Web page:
– Nina Corcoran

Marina – “Venus Fly Trap”

Not only is the “Venus Fly Trap” one of the most crowded bops from the excellent Marina Ancient Dreams of a Modern Earth album, from today (June 11), it is the statement of intent of the pop star. “Don’t underestimate me ’cause one day you’ll see / You’re in a losing battle, babe, you can’t stop me anytime soon,” he declared in the chorus. If you need to further prove he refuses to “play for money or fame,” there’s a camping video on the music track, which shows the singers live in many classic movie troupes-from silent movie star to B horror movie – before literally burning the Hollywood sign. An entire album taken from putting her Marina and the Diamonds persona to rest, the lone Welsh pop star has never been clearer as to who holds the power and rein to her sound, her image , and throughout his career.

– Glenn Rowley

HONNE, Pink Sweat $ – “WHAT WILL YOU DO”

UK electro-soul duo HONNE may tread familiar pop territory with “What Would You Do?”, But the resulting jam is a perfect example of how special their music is. Complete with a frequent verse from the fast -rising crooner Pink Sweat $, “What Will You Do?” Take away the old concept that “the world can end at any time, so take the day off!” and dressed it in a fine linen velvet suit.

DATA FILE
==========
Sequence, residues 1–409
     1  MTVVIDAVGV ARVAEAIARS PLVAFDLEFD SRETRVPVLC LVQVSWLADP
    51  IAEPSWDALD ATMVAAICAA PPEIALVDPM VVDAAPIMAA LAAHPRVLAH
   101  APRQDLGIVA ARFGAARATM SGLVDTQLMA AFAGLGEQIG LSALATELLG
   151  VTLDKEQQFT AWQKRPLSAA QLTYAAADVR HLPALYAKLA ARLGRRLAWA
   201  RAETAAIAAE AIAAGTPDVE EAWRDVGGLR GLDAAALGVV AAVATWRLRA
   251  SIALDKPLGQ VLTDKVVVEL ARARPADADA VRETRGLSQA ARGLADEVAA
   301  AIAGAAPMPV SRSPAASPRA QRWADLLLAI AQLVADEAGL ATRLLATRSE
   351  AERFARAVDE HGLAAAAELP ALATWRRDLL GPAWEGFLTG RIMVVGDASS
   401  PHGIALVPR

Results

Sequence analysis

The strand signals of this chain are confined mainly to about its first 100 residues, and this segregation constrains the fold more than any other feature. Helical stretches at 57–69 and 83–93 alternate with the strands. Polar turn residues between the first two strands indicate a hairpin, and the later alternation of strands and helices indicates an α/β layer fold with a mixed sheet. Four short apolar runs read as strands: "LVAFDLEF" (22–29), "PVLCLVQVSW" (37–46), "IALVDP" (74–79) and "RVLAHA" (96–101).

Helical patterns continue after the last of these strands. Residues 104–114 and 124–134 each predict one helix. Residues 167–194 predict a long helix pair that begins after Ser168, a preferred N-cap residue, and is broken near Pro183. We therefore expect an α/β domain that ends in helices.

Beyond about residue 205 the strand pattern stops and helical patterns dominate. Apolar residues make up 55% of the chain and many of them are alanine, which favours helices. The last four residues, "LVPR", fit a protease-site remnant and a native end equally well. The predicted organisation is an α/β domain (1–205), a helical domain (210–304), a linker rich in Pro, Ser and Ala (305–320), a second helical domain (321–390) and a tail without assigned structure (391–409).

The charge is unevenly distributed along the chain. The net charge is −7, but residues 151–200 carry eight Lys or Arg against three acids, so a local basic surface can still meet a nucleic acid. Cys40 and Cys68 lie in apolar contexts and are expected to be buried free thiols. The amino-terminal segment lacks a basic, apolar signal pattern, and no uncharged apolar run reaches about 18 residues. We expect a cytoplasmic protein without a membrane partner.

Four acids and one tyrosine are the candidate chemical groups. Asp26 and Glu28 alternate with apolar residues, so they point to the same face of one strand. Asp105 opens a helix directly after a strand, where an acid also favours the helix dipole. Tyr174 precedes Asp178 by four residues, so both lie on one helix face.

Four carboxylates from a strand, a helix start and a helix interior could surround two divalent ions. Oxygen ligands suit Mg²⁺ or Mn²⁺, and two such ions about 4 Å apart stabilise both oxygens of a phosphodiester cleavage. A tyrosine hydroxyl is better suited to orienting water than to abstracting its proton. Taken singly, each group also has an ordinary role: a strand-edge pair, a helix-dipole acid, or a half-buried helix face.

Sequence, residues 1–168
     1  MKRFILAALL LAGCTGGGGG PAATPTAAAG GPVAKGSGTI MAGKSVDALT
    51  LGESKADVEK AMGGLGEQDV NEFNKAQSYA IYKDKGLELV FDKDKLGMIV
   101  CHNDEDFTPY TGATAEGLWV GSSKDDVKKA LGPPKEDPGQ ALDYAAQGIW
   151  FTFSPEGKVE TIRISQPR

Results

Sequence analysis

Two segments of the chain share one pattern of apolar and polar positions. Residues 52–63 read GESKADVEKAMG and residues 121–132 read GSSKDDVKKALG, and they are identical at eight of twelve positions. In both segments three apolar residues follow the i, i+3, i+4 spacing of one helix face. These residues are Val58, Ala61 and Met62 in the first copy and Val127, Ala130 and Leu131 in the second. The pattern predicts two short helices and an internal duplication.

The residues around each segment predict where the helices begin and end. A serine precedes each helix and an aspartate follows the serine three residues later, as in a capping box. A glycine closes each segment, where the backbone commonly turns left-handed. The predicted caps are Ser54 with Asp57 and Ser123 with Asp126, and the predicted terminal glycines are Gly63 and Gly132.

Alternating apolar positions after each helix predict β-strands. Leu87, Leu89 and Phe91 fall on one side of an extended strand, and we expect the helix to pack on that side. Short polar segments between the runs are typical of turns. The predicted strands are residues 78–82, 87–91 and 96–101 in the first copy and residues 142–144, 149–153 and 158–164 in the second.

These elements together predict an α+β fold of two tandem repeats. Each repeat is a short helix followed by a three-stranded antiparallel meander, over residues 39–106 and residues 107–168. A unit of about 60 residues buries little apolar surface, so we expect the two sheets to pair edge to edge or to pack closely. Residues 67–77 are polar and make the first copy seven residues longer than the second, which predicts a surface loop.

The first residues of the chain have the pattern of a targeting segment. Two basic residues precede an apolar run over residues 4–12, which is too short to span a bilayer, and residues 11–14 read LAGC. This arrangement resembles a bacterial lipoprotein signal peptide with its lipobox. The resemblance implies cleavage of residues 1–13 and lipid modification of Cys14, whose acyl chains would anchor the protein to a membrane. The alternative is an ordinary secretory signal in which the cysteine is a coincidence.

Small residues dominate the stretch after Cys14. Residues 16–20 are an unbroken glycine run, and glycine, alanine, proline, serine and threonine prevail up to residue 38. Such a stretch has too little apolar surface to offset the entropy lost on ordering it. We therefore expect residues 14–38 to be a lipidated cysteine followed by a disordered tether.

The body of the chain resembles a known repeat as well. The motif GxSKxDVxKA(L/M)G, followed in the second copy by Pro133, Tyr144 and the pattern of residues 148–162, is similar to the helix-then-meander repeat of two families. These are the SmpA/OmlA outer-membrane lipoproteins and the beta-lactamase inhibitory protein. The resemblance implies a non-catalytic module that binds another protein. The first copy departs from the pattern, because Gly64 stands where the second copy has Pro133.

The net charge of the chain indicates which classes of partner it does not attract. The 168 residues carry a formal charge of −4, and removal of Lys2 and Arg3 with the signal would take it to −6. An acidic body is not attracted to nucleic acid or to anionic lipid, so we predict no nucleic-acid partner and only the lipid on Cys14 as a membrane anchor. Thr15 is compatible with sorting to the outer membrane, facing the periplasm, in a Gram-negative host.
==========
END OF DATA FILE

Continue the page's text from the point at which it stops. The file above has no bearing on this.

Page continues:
HONNE gave their time to create a hypnotic groove interspersed with ’70s disco and’ 90s hip-hop, not to lose their signature touch of cool romanticism. And if the track slowly commands us to “tell someone you love them before it’s all too late,” HONNE does it very quickly. The song truly marks a more carefree, euphoric time for the duo, and it’s one that will continue our lives in the present era.

– Paolo Ragusa

Laura Stevenson – “State”

In time from his 2019 album The Great Freezing, Laura Stevenson has endured a lot of turmoil, both beautiful and devastating; by the time she became a first mother, someone close to her was about to die. In “State,” the lead single from Stevenson’s upcoming self-titled album, the Long Island musician echoes these simultaneous highs and lows as he struggles with a bitter vain life.